However, military action by Arab states is unlikely. Although most Arab states supported Islamist groups fighting the Basher al-Assad regime, they have cracked down on the movement of men and money— notably the Saudi’s— after it became apparent that ISIS challenged the legitimacy of the al-Saud rule in Saudi Arabia.

    The biggest stumbling block on the way to generating wholehearted support against ISIS would be the fear that a total defeat of ISIS would benefit their old sectarian rival-Iran.

    It is very likely that the Saudi’s, Qatari’s, Emirati’s and Turks will rather demand support for their efforts aimed at Assad’s overthrow, as they have been doing so far, to stop Iranians from dominating the region as they appear to control Baghdad. It is also very likely that initial action by the US-led coalition against ISIS will primarily target ISIS in Iraq, to assuage fears of Arab countries about the region becoming a Shia crescent with preventive action emanating from Tehran and its affiliates.

    However, episodic reactive action alone by the US and its allies may not be able to stem the ISIS tide. Having troops on the ground with clear-cut objectives is critical to beating back ISIS. America would do well not to have sectarian Shia militia and Kurdish peshmerga play a key role in Sunni-dominated areas as it would destroy the local support for action from the Sunni communities currently under ISIS domination.

    While it is clear that we are unlikely to see any western countries have troops on the ground, a more poignant question that NATO and the US should be evaluating is whether their withdrawal from Afghanistan is likely to turn out to be a rerun of events in Iraq.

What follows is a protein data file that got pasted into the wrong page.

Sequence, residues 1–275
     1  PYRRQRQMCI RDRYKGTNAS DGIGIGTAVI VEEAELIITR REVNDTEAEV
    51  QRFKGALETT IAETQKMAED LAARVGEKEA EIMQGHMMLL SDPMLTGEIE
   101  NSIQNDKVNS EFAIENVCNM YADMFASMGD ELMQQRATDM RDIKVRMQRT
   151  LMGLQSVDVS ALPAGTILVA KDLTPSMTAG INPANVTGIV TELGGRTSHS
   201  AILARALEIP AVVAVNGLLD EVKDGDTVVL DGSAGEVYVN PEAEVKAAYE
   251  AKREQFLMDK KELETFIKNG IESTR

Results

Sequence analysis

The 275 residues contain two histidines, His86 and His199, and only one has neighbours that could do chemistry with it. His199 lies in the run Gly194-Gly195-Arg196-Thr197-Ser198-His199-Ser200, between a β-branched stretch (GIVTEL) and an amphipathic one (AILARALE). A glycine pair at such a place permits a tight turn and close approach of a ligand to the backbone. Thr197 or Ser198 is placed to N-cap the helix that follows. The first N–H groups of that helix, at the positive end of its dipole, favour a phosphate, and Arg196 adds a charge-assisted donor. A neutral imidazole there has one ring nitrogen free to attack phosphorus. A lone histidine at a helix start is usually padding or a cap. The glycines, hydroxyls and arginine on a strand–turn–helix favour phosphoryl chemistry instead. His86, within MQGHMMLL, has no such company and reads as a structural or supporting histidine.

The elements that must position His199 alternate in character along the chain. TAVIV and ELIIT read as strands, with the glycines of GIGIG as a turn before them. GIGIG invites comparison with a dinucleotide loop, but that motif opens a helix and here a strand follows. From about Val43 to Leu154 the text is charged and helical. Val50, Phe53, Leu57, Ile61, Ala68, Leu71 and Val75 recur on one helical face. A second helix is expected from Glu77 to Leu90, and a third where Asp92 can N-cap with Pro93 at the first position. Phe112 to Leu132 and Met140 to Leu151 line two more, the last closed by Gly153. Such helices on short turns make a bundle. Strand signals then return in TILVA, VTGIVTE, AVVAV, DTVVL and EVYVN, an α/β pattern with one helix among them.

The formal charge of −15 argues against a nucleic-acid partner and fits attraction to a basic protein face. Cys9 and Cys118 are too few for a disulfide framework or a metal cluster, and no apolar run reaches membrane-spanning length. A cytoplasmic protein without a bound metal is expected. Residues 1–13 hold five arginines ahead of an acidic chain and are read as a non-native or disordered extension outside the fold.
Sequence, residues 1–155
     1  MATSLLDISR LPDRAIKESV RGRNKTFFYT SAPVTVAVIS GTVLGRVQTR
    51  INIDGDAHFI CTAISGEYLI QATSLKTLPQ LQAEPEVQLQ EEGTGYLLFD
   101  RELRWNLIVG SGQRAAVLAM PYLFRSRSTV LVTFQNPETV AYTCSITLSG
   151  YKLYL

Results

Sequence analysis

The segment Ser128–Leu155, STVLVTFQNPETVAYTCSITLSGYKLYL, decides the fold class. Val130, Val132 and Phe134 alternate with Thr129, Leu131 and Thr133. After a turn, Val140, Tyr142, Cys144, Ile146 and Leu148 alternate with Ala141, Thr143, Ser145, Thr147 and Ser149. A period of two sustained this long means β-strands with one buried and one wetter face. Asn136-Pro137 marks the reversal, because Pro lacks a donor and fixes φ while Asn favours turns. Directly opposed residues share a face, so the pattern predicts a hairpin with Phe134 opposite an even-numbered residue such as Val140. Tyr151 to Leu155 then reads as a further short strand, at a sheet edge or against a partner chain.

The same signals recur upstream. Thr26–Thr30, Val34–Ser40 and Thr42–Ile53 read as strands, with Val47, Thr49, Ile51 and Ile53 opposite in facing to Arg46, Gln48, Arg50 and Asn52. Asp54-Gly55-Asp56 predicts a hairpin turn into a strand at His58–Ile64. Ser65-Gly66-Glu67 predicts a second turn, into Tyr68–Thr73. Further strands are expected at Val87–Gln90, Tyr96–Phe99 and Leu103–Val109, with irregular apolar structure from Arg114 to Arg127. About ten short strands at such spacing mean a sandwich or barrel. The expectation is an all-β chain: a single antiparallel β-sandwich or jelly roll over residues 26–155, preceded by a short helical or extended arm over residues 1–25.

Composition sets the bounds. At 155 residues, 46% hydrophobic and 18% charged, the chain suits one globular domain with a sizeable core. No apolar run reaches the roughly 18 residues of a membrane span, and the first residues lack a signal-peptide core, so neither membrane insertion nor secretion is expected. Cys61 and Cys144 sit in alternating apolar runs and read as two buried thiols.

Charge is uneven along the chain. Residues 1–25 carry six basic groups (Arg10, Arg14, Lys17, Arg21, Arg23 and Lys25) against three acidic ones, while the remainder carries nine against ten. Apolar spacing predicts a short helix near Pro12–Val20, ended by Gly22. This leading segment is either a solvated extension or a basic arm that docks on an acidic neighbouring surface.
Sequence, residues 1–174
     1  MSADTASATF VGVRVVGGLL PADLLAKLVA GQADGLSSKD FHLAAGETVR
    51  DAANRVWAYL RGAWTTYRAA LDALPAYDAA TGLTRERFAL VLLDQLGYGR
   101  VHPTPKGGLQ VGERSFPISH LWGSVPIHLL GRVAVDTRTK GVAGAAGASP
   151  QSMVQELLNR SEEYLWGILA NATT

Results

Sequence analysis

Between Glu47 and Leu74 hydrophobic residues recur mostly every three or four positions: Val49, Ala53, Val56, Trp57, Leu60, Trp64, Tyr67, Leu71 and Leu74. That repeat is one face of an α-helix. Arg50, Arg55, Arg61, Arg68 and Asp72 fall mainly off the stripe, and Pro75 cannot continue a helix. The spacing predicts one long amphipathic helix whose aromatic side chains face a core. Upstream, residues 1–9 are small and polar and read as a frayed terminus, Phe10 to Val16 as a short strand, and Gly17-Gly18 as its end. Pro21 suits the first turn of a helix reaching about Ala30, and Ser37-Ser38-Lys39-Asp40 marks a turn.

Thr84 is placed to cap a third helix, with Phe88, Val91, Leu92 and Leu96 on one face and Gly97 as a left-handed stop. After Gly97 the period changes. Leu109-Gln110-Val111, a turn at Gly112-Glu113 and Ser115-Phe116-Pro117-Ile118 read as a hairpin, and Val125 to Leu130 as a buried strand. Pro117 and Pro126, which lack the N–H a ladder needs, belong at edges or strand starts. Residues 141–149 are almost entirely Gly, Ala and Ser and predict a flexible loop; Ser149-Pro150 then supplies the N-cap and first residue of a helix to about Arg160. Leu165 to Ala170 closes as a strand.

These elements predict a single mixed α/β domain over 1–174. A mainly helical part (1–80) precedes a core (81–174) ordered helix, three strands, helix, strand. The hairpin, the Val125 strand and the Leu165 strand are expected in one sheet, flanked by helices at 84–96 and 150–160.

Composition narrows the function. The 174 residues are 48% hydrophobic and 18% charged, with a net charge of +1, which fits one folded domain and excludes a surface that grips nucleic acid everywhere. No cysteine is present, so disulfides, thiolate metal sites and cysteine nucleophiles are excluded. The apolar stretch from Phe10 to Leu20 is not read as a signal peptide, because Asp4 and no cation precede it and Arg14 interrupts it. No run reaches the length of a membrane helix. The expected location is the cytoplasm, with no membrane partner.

It is apparent now that with the current crisis in Iraq, NATO and the US should continue to invest in Afghanistan’s long-term stability; or else, it would mean combating a more potent Taliban or some other terrorist organisation— may be allied to ISIS or imitating its methods— at a later stage. How astutely the US and NATO remain engaged with Afghanistan will indicate whether they are serious about stabilising the war-torn country or allow it to develop into a safe haven for terrorists compelling armed intervention at a future date.

    Apart from this, one deeply worrying issue for many Western countries would be how to handle many of their citizens fighting for ISIS who may eventually come home to roost, in case they are allowed to succeed in Iraq because of acts of omission by the larger international community.

    If such a scenario materialises, it is inevitable that many of the ISIS veterans would pass on their ideology to the next generation of disgruntled members of their community. From an Indian perspective, we have already had the first reported death of an Indian fighting for ISIS. Reports about many youth fighting for ISIS from different countries including India is troubling and many of the youth that manage to slip under the security radar and return home could ferment trouble given their exposure to the radical, extremist and apocalyptic ideologies.

    Rohit Pattnaik worked as a visiting scholar at IDSA and is currently a freelance commentator on strategic issues.

    Views expressed are of the author and do not necessarily reflect the views of the IDSA or of the Government of India